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 The K-Machine from Lisp Machines, Inc. 
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Joined: Wed Jan 09, 2013 6:54 pm
Posts: 1690
An architectural overview of an innovative machine which was never released.

"The LMI K-machine was the last processor designed and built by Lisp Machine, Inc. Unlike other Lisp Machines, the K-machine is not descended from Tom Knight's original CONS architecture; the K-machine is an original design. This paper provides an overview of the more interesting elements of the K-machine architecture."

"The K-machine was designed in late 1985 - early 1986 and the first instructions were executed December 31, 1986. The hardware was significantly debugged by April 1986 and an effort to port the legacy Lisp Machine code to the K-machine was underway. The K-machine is designed to run Lisp, and Lisp only. As a result, the performance of the K-machine on the Gabriel benchmarks is significantly higher than that of any of the several contemporary competing products of the mid-to-late 1980's, among them the TI Explorer chip, the Symbolics Ivory, and Lucid Common Lisp. In fact, the K-machine was competitive with Lisp implementations on the Cray 1 and the IBM 3670. Financial difficulties kept the K-machine from reaching the marketplace."

Four stage pipeline; data layout is a 6-bit tag and a 26-bit word pointer, in a 32-bit word.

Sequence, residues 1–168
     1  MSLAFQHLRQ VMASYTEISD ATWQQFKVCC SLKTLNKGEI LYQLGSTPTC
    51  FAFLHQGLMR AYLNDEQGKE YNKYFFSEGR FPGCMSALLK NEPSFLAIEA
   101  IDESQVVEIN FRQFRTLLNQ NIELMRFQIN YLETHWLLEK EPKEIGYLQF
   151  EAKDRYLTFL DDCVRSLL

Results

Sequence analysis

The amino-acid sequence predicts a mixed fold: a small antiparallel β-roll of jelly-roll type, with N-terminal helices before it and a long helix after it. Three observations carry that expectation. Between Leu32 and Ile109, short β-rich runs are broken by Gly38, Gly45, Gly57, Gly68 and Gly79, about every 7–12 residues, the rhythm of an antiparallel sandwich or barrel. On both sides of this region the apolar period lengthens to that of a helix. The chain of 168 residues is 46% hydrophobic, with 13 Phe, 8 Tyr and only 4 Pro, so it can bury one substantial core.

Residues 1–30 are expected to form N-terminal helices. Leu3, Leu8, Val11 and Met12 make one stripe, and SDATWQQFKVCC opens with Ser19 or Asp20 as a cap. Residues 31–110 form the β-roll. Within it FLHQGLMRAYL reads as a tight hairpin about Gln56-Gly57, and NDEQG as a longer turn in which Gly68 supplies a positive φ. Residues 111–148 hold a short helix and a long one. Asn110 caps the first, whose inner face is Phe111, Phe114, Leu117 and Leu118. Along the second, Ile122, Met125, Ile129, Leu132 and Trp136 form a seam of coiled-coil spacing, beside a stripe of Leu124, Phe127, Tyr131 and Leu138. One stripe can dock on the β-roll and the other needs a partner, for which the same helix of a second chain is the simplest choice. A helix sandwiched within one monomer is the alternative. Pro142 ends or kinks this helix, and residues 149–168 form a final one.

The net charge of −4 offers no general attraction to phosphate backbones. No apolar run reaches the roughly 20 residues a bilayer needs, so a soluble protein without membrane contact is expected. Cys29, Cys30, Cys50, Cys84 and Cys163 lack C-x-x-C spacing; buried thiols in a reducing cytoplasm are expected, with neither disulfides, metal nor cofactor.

Architectural Principles
In any processor design there are fundamental "principles" from which the rest of the architecture derives. For the LMI K-machine, these were as follows:
    Optimistic instruction execution (execute based on assumptions, abort and retry if not holding - avoids type lookup to dispatch)
    Fully type-safe operation
    Non-expert user assumption
    32-bit objects (compared to 36 bit, lose some flexibility, but implementation is easier)
    RISC-like architecture (not strict RISC, not only simple instructions, but no multi-cycle instructions)
    50ns clock cycle (target - actual was 80ns)
    3-address machine (as opposed to a stack machine; necessitates 64 bit instructions)
    No CDR codes (performance cost and not often enough used, so 2 bits repurposed)
    "Level" implementation technology (all CMOS and TTL, to ensure possible upgrade)

via Dragonfly Digest

Thu Dec 06, 2018 3:01 pm
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